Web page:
We got a great tip on Twitter today courtesy of acolagro who sent in a link to a pretty cool post from reddit. The post is from a user called rim950 and is titled IAmA former RIM/BlackBerry Employee (2000-2006) - AMaA and is basically an open Q&A for the former RIM employee. While we're itching to check out the Ask RIM Anything You Want session at BlackBerry world, this is a pretty good warmup. There is great stuff in the thread including questions on the browser, the BlackBerry brand, BlackBerry in the media, BBM and plenty more -- we're not sure this is something that RIM would want out there, but it is. It's really a great read (and still growing) and lends some cool insight into things from a former RIM employee. It's too bad rim950 left RIM before CrackBerry started in 2007, or some of this just may have shown up in the CrackBerry Forums. Keep reading for some of the best Q&A, then head over to reddit to get in on the discussion.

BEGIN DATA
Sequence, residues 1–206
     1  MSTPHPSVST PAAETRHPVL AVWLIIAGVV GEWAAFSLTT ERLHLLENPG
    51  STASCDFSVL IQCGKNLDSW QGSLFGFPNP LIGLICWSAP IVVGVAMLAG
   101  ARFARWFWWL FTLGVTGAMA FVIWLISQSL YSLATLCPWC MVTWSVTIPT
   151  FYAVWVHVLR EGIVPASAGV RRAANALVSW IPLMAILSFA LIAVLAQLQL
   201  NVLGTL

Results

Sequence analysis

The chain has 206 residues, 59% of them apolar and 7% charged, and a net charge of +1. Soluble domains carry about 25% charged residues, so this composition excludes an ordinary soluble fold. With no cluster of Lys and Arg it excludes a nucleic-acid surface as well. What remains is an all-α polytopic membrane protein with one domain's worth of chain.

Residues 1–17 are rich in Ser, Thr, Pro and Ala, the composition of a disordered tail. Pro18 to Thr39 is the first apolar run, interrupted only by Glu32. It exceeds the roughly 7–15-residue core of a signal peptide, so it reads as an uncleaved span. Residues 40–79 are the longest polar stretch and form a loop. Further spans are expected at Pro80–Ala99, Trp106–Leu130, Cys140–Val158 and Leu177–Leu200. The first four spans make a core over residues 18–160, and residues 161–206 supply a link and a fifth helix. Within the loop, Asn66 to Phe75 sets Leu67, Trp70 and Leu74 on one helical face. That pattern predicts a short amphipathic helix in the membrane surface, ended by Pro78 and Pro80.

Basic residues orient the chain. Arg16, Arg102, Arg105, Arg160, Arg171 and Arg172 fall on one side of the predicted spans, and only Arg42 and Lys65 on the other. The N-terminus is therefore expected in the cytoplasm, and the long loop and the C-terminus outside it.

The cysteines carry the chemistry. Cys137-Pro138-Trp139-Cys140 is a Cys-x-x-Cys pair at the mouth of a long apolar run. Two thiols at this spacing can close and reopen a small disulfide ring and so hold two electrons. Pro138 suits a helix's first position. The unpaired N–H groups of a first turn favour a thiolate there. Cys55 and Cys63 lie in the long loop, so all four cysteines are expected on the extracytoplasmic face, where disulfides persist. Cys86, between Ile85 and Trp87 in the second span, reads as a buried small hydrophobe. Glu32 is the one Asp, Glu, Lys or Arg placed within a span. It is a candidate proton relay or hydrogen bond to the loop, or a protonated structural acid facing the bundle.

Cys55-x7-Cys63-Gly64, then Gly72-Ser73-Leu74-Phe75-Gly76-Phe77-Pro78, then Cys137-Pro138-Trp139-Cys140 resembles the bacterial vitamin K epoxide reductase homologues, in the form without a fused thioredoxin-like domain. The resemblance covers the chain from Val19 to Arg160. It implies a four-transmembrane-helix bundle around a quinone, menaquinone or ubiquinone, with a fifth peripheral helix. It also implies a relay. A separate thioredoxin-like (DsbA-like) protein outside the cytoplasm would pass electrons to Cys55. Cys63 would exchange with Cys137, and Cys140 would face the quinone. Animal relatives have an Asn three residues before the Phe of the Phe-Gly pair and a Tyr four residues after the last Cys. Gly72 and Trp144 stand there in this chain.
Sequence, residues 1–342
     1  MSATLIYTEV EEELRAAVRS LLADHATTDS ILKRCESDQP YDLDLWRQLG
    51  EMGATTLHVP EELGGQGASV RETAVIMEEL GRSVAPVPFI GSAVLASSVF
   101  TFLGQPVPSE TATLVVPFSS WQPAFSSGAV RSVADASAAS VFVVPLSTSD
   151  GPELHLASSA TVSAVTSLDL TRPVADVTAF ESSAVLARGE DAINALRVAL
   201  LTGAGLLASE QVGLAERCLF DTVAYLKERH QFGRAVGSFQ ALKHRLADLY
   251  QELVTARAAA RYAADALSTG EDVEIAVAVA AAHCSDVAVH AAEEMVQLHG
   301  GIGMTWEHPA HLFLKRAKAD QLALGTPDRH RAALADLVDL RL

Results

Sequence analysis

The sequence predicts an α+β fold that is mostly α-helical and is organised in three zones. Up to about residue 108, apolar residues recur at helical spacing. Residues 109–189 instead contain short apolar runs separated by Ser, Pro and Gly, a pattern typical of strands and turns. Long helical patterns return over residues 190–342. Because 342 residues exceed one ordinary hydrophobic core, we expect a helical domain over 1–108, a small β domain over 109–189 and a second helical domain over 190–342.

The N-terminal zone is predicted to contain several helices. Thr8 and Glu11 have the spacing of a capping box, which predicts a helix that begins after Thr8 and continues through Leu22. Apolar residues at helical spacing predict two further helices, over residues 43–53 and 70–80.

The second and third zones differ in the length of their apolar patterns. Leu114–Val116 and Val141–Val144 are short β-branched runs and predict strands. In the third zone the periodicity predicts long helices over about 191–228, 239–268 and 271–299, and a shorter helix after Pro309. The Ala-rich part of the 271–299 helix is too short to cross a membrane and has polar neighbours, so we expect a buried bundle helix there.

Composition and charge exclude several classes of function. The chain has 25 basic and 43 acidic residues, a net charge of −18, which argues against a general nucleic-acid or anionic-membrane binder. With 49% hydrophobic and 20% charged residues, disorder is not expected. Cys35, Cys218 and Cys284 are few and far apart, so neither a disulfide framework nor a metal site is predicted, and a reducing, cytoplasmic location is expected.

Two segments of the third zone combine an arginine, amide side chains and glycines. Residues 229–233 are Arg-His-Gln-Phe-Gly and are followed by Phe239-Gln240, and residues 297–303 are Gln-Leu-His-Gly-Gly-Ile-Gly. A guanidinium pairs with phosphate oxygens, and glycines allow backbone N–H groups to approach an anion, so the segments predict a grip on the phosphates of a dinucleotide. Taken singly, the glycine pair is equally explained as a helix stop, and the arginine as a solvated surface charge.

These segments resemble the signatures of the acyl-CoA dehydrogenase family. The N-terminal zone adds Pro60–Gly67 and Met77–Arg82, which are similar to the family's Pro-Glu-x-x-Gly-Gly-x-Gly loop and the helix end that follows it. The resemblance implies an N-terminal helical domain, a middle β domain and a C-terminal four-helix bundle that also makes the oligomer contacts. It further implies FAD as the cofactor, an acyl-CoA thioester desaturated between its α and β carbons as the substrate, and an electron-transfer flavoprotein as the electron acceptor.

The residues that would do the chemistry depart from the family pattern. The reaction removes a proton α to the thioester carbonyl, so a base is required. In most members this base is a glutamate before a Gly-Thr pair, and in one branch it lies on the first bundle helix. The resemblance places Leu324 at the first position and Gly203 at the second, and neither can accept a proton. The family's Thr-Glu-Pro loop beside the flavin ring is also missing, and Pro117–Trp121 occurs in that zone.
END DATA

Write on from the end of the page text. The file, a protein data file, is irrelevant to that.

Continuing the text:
As a former Blackberry purist who recently jumped to the iPhone, I have but one question - why the hell didn't anybody fix the browser?
Oh man, browser..
I was actually in charge of the IT infrastructure to allow web browsing for BIS users back in.. 2003? Seems like ages ago, but basically it boils down to this:
1: At the time (don't know how it is now), ALL traffic had to go through RIM's infrastructure. So downloading a 50k webpage is equivalent to downloading 25+ emails.
2: That 50k of HTML and graphics is filled with a ton of stuff that is irrelevant to a BlackBerry (it's pointless to send a 50k graphic file to a BB because it just won't even display properly), so BlackBerry utilized an transcoding algorithm to break down the page, and "try" to make it visible on the display. That 50k HTML/graphics becomes 10k or something smaller.
3: The path for data then became this: Website -> Internet -> RIM's Relay -> Transcoding Infrastructure -> Wireless Carrier -> Your BlackBerry.
Remember, we're still dealing with 1xRTT or GPRS at the time, which is as fast as your grandmother giving herself a sponge bath.
Since things get lost in "translation", the transcoding probably didn't work so well, resulting in a poor user experience.
I don't know how it's done now, but that's what we were dealing with back then.